In this experiment, placebo tablets were pre-equilibrated at two humidity levels (at 25 °C and 20% RH and at 25 °C and 85%
RH) for the generation of "dry" and "wet" samples for examination. Measurements first were performed on the dry sample, followed
by measurement of the more wet sample, and followed again by a measurement on a fresh dry sample. Ten tablets were used for
each measurement, and three replicate measurements were conducted.
Figure 6b: Plot shows percent relative standard deviation versus mean relative humidity for samples at 40 °C.
The capacitive-sensor technique measurements were conducted in the "quick" mode. Table IV shows the average of the three replicate
measurements for each instrument type. On the basis of the average readings obtained following measurement on the final dry
sample, the chilled-mirror technique may have a significant moisture retention, and the capacitive-sensor technique may have
a moderate moisture retention (likely within the measurement error). Very low bias was observed when the FMS 1400 instrument
was used, which is entirely consistent with sealed sample vials being used for the measurements. Thus, the FMS 1400 instrument
demonstrated that the potential for bias introduction via moisture retention is not a problem.
Sampling vial and measurement chamber leak rate. The seal integrity of the sampling vial or measurement chamber for each technique also was evaluated. In this experiment,
a 1-g desiccant canister was pre-equilibrated at 40 °C and 75% RH, and headspace moisture over the desiccant canister was
monitored over a 4–8-h period at 40 °C. The change in headspace moisture levels over the time course of the measurement then
were translated into an effective leak rate on the basis of the desiccant's quantity and moisture-carrying capacity. The moisture
leak rates obtained for the various instruments show that the FMS 1400 instrument (<0.05 mg/h) was superior to the other traditional
headspace moisture techniques (Rotronics: 0.5 mg/h; Aqualab: 6 mg/h) in terms of the potential for erroneous data generation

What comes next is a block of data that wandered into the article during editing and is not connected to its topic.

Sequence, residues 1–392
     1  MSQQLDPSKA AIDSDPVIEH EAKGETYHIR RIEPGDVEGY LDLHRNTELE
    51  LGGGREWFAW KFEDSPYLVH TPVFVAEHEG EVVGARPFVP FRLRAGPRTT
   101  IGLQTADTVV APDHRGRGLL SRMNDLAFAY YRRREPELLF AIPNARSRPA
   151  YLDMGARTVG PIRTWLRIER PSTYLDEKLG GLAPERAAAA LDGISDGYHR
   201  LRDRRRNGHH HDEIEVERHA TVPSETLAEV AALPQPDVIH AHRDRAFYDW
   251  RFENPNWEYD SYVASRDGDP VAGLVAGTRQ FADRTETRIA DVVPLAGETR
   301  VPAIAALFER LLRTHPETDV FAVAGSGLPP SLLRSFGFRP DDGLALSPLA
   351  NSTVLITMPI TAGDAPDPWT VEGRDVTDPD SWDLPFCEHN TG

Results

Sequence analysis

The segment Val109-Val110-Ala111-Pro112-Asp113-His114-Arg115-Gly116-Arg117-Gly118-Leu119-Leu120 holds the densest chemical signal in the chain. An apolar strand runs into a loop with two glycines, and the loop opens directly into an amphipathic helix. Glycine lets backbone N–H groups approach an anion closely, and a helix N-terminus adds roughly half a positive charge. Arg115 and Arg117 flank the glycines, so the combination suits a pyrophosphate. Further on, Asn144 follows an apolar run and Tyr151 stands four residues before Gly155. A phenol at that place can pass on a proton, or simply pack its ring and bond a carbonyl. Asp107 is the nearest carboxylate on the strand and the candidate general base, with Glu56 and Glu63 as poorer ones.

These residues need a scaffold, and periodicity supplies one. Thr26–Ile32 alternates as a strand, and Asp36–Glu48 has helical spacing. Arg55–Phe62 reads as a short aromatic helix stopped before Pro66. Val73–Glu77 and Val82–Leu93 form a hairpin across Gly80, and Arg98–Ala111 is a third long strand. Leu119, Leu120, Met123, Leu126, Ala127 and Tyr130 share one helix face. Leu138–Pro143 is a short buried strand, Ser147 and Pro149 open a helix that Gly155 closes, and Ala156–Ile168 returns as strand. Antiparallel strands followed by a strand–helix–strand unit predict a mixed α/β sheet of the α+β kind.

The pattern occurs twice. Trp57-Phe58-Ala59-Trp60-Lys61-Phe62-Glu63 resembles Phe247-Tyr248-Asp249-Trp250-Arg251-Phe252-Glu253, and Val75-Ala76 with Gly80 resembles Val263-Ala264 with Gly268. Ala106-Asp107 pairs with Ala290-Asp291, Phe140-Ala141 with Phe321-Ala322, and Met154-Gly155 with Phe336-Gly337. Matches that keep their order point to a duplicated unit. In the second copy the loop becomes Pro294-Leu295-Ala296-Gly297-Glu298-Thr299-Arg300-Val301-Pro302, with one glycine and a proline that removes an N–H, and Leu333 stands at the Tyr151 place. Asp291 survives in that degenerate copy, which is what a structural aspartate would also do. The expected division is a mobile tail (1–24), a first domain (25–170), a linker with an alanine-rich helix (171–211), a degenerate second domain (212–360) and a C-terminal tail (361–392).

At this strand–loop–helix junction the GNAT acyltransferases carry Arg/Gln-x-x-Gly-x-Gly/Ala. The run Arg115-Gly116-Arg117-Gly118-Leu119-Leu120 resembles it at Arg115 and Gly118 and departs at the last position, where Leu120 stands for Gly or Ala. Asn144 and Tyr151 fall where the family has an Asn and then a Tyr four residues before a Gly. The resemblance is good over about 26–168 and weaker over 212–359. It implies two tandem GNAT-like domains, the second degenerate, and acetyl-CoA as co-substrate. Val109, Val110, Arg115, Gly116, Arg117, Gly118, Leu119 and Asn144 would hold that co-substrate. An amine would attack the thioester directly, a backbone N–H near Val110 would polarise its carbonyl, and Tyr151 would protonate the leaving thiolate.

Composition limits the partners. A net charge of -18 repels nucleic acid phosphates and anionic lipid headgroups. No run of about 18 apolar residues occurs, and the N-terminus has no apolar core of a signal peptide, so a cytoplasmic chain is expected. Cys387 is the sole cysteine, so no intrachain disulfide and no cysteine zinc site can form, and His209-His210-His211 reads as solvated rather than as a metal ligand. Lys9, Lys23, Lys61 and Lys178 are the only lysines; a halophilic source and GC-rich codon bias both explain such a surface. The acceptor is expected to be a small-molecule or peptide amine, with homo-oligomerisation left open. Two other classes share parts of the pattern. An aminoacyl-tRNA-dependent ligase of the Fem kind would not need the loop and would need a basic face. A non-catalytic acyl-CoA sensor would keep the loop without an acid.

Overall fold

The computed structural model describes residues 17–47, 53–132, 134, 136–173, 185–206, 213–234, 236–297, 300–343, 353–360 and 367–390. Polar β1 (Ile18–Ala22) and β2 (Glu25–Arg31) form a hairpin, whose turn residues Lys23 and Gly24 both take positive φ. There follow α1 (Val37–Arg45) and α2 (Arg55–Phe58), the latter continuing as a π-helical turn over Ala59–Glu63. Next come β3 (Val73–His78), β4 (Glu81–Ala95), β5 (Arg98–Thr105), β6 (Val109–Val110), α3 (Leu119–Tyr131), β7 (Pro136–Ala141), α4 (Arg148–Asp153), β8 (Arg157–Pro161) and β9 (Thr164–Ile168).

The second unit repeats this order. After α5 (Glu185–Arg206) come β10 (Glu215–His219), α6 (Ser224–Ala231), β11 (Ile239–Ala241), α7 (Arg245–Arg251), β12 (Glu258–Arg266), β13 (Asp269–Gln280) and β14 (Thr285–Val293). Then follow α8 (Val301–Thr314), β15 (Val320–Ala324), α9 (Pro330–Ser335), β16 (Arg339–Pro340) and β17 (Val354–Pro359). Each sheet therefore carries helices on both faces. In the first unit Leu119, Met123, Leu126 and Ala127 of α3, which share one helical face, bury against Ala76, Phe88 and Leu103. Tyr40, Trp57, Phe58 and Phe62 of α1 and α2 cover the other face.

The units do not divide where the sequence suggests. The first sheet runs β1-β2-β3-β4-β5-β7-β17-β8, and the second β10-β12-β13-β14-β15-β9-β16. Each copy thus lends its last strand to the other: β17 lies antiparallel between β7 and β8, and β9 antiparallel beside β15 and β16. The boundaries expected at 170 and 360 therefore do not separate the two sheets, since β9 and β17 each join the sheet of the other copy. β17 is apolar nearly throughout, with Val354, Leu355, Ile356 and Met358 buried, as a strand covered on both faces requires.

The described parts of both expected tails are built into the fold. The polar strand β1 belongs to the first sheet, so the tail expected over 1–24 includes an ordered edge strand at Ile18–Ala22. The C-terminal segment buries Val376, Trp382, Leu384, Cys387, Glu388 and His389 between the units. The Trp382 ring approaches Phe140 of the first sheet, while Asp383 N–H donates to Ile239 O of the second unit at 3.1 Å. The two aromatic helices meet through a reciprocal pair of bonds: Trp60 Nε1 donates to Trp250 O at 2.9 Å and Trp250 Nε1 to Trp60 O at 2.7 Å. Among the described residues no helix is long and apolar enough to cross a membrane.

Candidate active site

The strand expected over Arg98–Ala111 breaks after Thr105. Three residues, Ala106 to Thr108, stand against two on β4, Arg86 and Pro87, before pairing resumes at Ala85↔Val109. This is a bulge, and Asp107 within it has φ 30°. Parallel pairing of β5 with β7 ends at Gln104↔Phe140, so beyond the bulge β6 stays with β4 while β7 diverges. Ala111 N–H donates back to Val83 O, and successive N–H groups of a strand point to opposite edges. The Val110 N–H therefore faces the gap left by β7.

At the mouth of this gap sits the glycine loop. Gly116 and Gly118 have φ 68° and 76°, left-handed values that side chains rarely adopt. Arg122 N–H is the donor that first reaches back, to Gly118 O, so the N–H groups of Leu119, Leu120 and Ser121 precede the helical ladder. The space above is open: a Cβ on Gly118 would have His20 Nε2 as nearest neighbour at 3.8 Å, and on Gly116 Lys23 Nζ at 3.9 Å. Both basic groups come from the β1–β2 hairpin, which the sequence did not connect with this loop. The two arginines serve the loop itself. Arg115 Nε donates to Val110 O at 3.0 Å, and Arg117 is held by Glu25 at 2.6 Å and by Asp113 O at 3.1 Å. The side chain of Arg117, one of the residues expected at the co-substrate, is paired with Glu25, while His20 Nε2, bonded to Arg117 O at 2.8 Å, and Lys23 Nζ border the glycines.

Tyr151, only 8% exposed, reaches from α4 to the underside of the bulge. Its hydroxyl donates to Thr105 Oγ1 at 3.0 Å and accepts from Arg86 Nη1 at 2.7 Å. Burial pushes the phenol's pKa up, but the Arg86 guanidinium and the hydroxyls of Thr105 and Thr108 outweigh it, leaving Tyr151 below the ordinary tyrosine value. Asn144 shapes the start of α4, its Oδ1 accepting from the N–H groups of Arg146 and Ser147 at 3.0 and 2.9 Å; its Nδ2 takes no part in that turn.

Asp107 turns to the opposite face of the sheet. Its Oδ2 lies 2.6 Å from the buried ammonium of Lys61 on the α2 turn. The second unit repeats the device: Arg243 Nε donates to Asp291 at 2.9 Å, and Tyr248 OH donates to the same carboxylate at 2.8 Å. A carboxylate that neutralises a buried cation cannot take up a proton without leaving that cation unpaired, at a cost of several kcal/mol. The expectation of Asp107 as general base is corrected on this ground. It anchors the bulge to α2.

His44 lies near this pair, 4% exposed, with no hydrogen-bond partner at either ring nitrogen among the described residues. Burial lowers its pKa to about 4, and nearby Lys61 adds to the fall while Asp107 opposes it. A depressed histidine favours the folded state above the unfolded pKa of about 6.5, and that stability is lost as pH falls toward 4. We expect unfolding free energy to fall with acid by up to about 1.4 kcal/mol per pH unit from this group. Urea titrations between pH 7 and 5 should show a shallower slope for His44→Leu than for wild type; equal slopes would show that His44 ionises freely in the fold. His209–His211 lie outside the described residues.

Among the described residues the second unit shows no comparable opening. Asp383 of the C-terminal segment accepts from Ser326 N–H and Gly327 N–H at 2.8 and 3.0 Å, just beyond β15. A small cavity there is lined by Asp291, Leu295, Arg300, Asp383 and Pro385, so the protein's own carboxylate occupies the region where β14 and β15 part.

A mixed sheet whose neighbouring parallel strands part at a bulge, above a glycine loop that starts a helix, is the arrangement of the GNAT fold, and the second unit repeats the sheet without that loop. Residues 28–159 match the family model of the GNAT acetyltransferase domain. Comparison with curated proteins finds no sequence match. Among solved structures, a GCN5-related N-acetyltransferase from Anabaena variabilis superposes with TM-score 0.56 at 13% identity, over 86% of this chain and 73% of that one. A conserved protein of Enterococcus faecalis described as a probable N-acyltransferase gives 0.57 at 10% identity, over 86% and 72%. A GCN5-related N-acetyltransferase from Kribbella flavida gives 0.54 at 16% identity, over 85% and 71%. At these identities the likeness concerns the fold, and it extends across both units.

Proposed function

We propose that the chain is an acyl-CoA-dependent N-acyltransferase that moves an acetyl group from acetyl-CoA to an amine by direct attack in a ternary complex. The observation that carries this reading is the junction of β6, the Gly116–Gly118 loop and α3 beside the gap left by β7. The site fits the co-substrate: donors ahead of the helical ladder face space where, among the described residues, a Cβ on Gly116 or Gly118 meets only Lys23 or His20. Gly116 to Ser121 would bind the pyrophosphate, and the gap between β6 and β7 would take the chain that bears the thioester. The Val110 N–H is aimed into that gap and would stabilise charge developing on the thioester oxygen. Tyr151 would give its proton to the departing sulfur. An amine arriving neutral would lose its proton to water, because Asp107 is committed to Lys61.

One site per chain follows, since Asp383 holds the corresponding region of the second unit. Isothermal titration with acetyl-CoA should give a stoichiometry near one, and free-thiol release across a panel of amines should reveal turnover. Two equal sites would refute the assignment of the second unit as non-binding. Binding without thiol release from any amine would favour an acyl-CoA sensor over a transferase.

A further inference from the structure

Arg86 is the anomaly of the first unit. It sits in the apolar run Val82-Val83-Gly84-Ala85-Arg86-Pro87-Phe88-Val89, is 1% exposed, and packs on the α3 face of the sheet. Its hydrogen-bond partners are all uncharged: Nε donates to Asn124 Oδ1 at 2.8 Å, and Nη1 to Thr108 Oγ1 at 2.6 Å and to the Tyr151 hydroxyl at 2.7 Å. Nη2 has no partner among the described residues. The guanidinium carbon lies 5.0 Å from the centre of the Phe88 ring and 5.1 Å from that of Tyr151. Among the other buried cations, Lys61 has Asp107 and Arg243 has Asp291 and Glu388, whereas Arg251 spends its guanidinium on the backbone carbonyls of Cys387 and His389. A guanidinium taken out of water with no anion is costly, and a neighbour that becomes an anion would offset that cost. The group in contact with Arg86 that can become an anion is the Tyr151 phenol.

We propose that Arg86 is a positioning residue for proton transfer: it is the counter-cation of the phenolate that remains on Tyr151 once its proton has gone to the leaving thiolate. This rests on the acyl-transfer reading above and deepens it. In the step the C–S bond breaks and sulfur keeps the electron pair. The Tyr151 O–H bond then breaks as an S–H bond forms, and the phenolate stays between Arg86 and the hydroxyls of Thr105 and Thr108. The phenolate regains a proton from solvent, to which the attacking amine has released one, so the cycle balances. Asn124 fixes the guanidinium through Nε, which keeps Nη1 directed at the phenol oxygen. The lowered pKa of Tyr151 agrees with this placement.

resulting from moisture egress or ingress during measurement. The FMS 1400 instrument enables long-term measurements to be
made, whereas with the other traditional techniques, it will be difficult to obtain reliable data over long time scales without
introducing significant error.
Table I: Frequency modulation spectroscopy measurements at 25 °C.
Summary comparison of the various techniques. Table V summarizes key attributes of the three headspace-moisture measurement techniques. Comparison points include analysis
time, instrument expense, and critical performance variables. As with any instrument comparison, the optimum technique depends
on the intended application and the authors' comments should not be taken as an endorsement for any of the instruments.
All three techniques offer comparable analysis times (except in the Rotronic Hygrolab "quick" mode), although they vary greatly
in cost (the FMS 1400 instrument is nearly 10 times more expensive than the capacitive-sensor technique and the chilled-mirror
technique). In terms of availability, the FMS 1400 instrument is a rather new approach with the greatest research potential
of the three, but availability for the instrument may be somewhat limited.
Table II: Frequency modulation spectroscopy measurements at 40 °C.